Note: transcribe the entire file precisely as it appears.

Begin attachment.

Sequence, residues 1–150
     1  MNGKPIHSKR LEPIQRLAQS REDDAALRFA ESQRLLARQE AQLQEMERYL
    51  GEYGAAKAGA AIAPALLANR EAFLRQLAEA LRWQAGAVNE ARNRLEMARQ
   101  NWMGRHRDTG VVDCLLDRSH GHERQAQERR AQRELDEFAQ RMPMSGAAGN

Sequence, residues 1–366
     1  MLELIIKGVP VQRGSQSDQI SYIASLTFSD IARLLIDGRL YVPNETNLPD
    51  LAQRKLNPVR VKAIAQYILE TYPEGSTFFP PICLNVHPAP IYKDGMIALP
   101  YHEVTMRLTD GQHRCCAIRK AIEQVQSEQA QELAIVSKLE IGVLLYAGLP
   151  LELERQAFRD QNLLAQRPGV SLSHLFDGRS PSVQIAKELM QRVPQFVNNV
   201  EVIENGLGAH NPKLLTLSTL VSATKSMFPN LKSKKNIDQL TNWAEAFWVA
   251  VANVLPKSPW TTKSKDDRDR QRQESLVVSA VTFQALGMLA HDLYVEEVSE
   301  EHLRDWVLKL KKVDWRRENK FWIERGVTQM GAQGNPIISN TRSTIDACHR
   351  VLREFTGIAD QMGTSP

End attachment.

Sequence, residues 1–150
     1  MNGKPIHSKR LEPIQRLAQS REDDAALRFA ESQRLLARQE AQLQEMERYL
    51  GEYGAAKAGA AIAPALLANR EAFLRQLAEA LRWQAGAVNE ARNRLEMARQ
   101  NWMGRHRDTG VVDCLLDRSH GHERQAQERR AQRELDEFAQ RMPMSGAAGN

Sequence, residues 1–366
     1  MLELIIKGVP VQRGSQSDQI SYIASLTFSD IARLLIDGRL YVPNETNLPD
    51  LAQRKLNPVR VKAIAQYILE TYPEGSTFFP PICLNVHPAP IYKDGMIALP
   101  YHEVTMRLTD GQHRCCAIRK AIEQVQSEQA QELAIVSKLE IGVLLYAGLP
   151  LELERQAFRD QNLLAQRPGV SLSHLFDGRS PSVQIAKELM QRVPQFVNNV
   201  EVIENGLGAH NPKLLTLSTL VSATKSMFPN LKSKKNIDQL TNWAEAFWVA
   251  VANVLPKSPW TTKSKDDRDR QRQESLVVSA VTFQALGMLA HDLYVEEVSE
   301  EHLRDWVLKL KKVDWRRENK FWIERGVTQM GAQGNPIISN TRSTIDACHR
   351  VLREFTGIAD QMGTSP